This relates to JR East’s other great coup: the ability to balance serving very different sets of customers (and investors) at once, and in effect, having a split personality as both an everyday utility for commuters and a memorable travel experience for tourists both foreign and domestic.
For international travelers, the greater JR Group offers the JR Pass, an incredibly popular discount pass that allows seven days of train travel across all the JR systems. It’s only available to foreign-passport holders, must be reserved prior to arrival in the country, and has been effectively marketed as a must-have for first-time visitors. There are also multi-language help desks in many stations (Mandarin is an increasingly popular option), and plans to further help foreign visitors navigate the train system in time for the 2020 Olympics. Some stations now even boast halal ekiben boxed meals. This new wave of internationalization could be seen as a radical adaptation in a country that is so proud of its own traditions (and which continues to have very restrictive immigration policies).
Even more crucial to JR East is domestic tourism. In the 1970s, Japanese National Railways launched the “Discover Japan” campaign, inventing the concept of furusato (hometown) tourism — hip young urbanites hitting the rails to explore small towns and rural areas. One can see echoes of this in JR East’s new “Rediscover the Region” campaign, launched in 2016, which is meant to drive tourism to smaller cities and the countryside where economic growth has stagnated. Starting in 2011, the “Get Back Let’s Go, Tohoku” campaign was designed to help pump tourist dollars into Tohoku region, recently devastated by the Fukushima quake and tsunami.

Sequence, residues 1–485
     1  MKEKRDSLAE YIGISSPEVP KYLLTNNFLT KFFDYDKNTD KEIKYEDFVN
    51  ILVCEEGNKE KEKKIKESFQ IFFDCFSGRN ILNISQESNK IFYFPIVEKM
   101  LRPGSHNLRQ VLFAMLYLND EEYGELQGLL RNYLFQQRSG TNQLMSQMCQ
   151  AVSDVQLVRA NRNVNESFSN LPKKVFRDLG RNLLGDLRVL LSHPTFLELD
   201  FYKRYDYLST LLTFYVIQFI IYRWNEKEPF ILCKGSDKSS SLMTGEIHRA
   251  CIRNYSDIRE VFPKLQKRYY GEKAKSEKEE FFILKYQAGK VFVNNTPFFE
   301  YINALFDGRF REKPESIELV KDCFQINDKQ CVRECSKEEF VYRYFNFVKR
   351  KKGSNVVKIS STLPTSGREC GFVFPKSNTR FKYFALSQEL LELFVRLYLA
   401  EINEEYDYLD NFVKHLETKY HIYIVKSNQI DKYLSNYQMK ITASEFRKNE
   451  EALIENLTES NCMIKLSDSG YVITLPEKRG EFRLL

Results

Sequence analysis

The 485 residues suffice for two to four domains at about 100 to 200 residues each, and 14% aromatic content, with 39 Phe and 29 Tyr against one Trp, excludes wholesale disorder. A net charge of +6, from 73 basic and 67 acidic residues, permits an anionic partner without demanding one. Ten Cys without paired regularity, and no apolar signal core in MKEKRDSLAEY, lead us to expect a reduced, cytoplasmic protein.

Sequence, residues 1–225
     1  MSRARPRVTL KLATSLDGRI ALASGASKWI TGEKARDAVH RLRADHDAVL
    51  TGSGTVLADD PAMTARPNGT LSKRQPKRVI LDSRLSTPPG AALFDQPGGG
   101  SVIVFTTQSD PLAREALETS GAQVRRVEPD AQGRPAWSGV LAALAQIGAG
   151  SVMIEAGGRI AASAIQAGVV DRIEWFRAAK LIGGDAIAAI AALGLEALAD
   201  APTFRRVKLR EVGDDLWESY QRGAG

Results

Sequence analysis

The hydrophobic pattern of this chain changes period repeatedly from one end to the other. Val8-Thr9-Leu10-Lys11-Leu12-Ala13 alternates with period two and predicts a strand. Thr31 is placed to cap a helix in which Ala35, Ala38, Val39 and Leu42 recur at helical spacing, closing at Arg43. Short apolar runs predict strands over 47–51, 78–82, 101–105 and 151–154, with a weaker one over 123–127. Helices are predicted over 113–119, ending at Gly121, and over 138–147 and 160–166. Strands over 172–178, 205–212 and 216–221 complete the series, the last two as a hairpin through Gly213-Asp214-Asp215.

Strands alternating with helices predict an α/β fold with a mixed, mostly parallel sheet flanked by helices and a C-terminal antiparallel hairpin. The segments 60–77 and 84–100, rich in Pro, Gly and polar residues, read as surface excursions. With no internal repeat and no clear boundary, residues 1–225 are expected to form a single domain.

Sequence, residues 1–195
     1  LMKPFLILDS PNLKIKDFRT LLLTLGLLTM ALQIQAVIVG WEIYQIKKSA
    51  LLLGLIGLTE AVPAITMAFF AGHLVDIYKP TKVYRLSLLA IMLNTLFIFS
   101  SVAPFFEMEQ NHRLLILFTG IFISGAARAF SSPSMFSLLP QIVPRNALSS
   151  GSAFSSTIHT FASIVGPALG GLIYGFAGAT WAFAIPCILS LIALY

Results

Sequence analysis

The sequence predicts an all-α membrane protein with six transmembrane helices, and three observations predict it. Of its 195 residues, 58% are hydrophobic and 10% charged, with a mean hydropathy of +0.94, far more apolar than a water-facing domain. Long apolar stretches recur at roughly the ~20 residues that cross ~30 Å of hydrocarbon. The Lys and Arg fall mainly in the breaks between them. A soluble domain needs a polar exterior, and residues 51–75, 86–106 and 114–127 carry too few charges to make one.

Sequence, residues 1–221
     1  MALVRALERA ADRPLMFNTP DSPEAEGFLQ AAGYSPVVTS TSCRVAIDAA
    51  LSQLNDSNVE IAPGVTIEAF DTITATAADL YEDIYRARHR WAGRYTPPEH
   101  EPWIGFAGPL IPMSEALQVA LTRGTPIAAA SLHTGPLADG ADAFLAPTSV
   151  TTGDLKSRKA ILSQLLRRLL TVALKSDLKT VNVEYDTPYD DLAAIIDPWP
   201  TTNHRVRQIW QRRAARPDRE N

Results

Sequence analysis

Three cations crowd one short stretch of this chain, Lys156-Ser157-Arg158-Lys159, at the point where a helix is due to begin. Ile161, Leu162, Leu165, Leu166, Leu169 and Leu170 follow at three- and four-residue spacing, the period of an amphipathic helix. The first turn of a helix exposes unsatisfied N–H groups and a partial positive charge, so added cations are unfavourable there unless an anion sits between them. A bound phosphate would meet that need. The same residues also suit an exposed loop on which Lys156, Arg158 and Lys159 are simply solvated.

These campaigns often extend to product development as well, including the popular new Oyatsu TIMES, a series of snacks from different regions of Japan, with nostalgic packaging to mimic a local newspaper that has information on the locale and tips on travel. Bored urbanites might pick up the snack at a station kiosk for their commute home and come away with a plan for their next vacation.
Another way to drive tourism and refresh the company’s image is the Joyful Trains series, colorful and quirky trains with themes like modern art, Pokémon, and a handful of still-operating old-fashioned steam trains. This embrace of pop culture and nostalgia shows JR East’s flexibility to try new things, mixing high and low.
On the higher end, there is also the brand-new, ultra-luxury Shiki-Shima train unveiled in May, which runs from Ueno station to northeast Japan, with stops in vineyards and ancient resort towns along the way. Designed by former Ferrari designer Ken Okuyama, it boasts food by Japan’s first Michelin-starred chef, a piano lounge, and ticket prices starting at $3,000 (it’s currently sold out through next spring).
These initiatives point to JR East’s desire to innovate in the product category, but also the entire travel experience, radiating out to lifestyle in general. For most of its existence, JR East has been focused on railway business, with lifestyle services as a support, but in a recent interview, CEO Tetsuro Tomita noted, “Going forward, we must aim for an era in which the lifestyle service business drives the growth of the railway business.”